Community figures in Suffolk awarded Queen's honours
Various community heroes have been recognised with awards in the Queen's honours list announced on Friday. People received BEM's and OBE's and MBE's for different types of work they have been involved in supporting their villages and towns.
Sarah Rush, 79, of Barnham, is set to receive a British Empire Medal (BEM) for her fund-raising work, charity events and support to her neighbourhood over the years.
Mrs Rush said: "I'm absolutely delighted, I'm really humbled by it."
One of the contributing factors to Mrs Rush receiving the medal was her support to the families who lost sons, fathers and husbands in the Paris air crash in 1974.
Mrs Rush said: "It was a devastating time for Bury St Edmunds we lost 18 rugby men in the Paris air disaster."
She helped to organise the memorial service at the corn exchange in Bury.
Mrs Rush and her late husband were closely involved in the rugby club before and after the disaster, which greatly affected Barnham and Bury.
Mrs Rush, who has been a member of St Gregory's Church since 1968 and a warden for 40 years, is actively involved in fundraising and has helped to raise £43,000 for the restoration of a 14th century tower.
"It is gratifying to be given this, I can't express that enough," she said. "I was amazed, you wonder what the cabinet office is writing to you about, I was really amazed."
Mrs Rush said her three children were absolutely delighted.
She has also been a local collector for the annual Red Cross and Royal British Legion Poppy Appeal for the last 20 years.
As well as voluntary events and fundraising Mrs Rush is also the president of Bury flower club and a trustee of the Rackham Trust. The trust supports charities such as the Samaritans, asthma and Norfolk Young Farmers, as well as mental, disability, medical and educational charities.
For the last 30 years she has also been the linchpin of the Barnham fete committee.
Gary Avis, 48, is set to receive a Member of the Order of the British Empire (MBE) for his charity work in Suffolk, helping to launch a new arts and culture fund, and for his services to dance and ballet.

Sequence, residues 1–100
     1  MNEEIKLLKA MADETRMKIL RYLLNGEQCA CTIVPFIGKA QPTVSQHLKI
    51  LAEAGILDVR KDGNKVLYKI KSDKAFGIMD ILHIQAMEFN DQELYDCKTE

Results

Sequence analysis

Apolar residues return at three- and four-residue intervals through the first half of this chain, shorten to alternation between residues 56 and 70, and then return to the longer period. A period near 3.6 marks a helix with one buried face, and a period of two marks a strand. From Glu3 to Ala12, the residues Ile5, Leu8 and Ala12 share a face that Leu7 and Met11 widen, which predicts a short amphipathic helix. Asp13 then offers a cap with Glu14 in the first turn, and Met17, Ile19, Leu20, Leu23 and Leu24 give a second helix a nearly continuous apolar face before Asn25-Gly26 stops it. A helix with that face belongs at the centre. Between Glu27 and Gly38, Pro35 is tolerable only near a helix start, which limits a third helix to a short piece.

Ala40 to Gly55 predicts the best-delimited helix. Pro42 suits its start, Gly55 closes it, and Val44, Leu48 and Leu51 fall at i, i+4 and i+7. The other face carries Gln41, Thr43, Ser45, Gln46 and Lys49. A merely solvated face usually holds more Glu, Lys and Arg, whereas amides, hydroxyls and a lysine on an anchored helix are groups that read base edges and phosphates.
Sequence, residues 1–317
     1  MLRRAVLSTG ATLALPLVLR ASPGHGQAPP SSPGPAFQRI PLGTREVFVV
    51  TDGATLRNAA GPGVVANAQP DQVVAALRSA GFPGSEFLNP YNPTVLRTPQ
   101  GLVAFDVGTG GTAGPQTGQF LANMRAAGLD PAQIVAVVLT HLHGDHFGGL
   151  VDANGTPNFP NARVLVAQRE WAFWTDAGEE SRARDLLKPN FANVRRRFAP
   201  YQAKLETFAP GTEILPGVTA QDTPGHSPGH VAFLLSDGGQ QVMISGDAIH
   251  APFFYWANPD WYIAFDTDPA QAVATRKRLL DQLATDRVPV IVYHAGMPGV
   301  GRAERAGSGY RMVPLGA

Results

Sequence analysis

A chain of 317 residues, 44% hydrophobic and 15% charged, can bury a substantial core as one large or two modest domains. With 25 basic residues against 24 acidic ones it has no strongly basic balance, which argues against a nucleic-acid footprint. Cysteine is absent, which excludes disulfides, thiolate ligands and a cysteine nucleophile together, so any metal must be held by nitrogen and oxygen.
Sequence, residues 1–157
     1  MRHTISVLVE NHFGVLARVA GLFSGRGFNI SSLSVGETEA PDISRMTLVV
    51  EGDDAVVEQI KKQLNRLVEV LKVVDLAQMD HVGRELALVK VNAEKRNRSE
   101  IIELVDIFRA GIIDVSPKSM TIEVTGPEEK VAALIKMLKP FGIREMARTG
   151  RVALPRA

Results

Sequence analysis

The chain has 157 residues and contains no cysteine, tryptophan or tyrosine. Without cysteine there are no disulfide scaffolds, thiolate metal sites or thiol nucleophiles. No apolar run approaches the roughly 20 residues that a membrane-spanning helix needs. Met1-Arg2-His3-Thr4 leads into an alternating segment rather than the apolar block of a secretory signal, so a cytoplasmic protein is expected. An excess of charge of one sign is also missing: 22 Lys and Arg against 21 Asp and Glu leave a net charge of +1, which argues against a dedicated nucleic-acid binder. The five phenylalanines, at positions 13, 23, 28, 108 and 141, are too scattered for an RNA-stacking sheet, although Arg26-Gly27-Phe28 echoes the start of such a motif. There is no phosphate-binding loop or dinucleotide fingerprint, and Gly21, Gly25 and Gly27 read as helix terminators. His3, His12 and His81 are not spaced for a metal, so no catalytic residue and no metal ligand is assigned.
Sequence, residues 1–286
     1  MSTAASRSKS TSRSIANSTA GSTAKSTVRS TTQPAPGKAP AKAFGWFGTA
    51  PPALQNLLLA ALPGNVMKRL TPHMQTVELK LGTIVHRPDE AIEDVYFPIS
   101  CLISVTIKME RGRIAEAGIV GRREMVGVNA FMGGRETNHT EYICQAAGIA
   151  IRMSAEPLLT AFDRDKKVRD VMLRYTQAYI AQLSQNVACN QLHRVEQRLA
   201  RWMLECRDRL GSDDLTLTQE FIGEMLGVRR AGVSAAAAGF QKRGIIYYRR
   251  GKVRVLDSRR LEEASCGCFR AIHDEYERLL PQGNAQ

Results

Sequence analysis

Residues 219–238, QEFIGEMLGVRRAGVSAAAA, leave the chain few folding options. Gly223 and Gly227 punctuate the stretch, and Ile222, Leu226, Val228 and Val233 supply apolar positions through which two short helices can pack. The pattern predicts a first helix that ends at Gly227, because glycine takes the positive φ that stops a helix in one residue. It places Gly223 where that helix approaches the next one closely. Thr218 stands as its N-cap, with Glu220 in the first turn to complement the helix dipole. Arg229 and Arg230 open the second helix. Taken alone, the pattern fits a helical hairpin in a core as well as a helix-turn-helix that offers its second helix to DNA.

Gary, who has been dancing with the Royal Ballet for 24 years, said: "I'm absolutely thrilled, I'm extremely honoured and I will be accepting the honour on behalf of Suffolk."
Mr Avis helped launch the arts and culture fund for the Suffolk Community Foundation in September 2015.
In 2016, he raised £105,000 for the fund by holding two sell-out gala performances, hosted at Ipswich Regent, which starred Anton du Beke from Strictly Come Dancing and various other talented ballet dancer colleagues from The Royal Ballet.
Gary said that the aim with the arts and culture fund was to get as many young people into culture and the arts as possible.
"In Ipswich, where I grew up there wasn't many places to get involved with dance which is why I wanted to give back to Suffolk with the Suffolk Community Foundation," he said.
Gary has been dancing for 29 years and is the Royal Ballet's ballet master and principal character artist as well as being involved with DanceEast as a trustee and board member.
He also co-founded a company in Japan called K Ballet.
Commenting on why he became involved in the charity work, he said: "I want to give back to Suffolk, I feel you should never forget where you come from, it's very much about keeping Suffolk involved with art and culture and allowing people to gain confidence and improve their health.
"I supported the community at quite a busy time in the schedule, it's nice to be recognised for Suffolk, it's not necessarily just about me."
Gary, who is currently appearing in Swan Lake with the Royal Ballet, thanked all the volunteers for their work on the arts and culture fund at Suffolk Community Foundation.
Linda Howe, 64, from Honington is also set to receive a BEM award, for her services in the community, in particular the construction of a community hall in Honington, her home town.
Mrs Howe worked tirelessly for the Honington and Sapiston village hall to be built which was a seven year project, involving securing funding, planning permission and other various arrangements for its construction.